First, let’s get the objective straight. Obviously if you’re creating a coming soon page you’re not asking or offering anything yet, but you will be soon, and when you do, you want tons of people to see it.
A coming soon page’s objective should be to amass some sort of asset that can be dumped into your project when it launches, like beta sign-ups, or Facebook likes, or email addresses, and it should be designed with that intention in the forefront – maybe the only front.
Here’s a good example
This page does a couple things well:
- Explanation of what is coming soon
- Clear, obvious call to action
Now, here’s a really bad example:
This page does nothing well. There is no call to action, there is no explanation of what it’s about, so it’s simply wasting traffic. There’s no way that the owner of this page can leverage traffic in the future.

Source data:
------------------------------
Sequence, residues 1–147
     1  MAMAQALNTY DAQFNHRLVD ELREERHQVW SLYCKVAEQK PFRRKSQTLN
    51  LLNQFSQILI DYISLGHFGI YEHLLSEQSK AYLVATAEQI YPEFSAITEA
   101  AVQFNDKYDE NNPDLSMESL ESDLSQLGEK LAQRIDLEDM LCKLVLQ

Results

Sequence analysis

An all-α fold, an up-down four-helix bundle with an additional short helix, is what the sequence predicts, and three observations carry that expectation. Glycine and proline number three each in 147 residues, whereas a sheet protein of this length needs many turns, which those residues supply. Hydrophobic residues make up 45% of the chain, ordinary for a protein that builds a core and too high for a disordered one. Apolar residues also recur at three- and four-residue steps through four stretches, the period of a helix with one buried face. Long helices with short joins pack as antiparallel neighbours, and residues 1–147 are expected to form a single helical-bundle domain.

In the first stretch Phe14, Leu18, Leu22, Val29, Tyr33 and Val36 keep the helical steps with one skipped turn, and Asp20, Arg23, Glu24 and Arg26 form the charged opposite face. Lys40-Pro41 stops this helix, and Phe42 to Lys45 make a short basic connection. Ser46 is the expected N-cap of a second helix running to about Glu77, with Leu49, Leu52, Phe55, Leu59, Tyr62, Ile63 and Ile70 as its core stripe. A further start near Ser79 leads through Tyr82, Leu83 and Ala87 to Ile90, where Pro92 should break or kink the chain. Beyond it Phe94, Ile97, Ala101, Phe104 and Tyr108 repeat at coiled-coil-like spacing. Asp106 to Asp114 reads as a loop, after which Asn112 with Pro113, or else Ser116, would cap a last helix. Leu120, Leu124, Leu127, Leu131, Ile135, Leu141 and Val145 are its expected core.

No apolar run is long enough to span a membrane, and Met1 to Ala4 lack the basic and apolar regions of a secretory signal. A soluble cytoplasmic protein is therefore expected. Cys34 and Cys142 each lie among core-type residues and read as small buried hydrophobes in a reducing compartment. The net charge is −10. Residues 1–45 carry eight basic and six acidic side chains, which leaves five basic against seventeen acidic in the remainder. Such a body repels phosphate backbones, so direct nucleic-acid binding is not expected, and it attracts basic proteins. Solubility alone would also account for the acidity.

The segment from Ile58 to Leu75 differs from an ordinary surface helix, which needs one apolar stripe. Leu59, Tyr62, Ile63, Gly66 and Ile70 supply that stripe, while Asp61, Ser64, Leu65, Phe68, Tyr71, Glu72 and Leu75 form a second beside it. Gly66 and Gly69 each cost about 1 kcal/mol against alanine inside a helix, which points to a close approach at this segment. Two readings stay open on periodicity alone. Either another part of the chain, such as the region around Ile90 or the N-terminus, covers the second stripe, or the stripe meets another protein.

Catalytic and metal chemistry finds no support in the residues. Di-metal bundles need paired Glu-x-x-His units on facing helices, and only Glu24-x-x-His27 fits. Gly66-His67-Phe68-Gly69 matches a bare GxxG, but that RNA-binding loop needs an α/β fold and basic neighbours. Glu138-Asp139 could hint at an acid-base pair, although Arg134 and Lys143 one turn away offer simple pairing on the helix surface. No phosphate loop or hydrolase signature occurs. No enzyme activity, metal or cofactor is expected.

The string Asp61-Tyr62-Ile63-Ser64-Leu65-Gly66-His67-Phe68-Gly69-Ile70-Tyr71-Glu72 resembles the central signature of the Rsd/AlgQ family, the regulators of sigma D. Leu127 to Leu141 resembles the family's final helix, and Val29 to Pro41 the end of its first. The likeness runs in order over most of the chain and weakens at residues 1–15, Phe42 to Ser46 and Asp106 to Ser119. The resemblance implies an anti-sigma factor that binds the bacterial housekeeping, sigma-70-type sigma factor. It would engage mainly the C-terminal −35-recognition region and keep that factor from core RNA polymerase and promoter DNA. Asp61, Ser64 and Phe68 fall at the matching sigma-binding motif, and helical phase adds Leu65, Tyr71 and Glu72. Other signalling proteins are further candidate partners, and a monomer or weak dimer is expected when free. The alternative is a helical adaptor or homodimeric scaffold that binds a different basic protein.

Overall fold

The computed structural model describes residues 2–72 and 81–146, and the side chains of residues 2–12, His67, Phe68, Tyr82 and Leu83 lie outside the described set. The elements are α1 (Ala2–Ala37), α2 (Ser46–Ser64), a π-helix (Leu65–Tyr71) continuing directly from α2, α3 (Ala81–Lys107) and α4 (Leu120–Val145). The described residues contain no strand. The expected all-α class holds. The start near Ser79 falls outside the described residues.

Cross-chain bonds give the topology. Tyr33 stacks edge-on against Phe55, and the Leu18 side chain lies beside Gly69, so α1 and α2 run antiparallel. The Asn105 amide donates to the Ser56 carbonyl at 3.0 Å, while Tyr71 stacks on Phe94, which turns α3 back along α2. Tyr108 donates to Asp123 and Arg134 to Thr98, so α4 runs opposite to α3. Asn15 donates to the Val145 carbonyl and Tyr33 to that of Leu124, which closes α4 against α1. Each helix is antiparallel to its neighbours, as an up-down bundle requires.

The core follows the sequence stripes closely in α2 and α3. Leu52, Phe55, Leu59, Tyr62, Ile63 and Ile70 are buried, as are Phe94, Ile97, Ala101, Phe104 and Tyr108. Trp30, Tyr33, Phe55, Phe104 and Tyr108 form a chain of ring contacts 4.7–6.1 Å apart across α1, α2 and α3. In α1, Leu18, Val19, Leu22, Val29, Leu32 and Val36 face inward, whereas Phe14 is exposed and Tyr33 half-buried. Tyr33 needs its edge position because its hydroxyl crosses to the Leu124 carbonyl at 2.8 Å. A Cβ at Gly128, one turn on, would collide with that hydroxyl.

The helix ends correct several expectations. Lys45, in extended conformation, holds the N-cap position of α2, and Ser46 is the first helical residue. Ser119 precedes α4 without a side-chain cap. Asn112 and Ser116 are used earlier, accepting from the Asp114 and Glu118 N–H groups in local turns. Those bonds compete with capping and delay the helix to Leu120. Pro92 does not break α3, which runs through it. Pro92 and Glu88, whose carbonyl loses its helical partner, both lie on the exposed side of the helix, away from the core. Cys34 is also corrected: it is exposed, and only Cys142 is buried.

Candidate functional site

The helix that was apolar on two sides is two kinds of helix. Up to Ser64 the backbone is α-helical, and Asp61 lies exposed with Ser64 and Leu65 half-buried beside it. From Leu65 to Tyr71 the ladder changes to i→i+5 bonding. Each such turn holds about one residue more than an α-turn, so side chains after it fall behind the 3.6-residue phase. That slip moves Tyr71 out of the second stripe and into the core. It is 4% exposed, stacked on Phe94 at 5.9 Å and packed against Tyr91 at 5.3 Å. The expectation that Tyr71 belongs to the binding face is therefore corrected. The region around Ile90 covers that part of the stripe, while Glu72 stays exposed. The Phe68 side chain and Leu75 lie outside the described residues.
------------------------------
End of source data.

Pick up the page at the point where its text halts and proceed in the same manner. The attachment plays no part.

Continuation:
Typically, a coming soon page will have limited functionality and content, so the call to action can be the predominant page element, and probably should be. We’ve reviewed the top 5 coming soon page builders in another blog post here as a resource, and here’s the list if you just want to get started: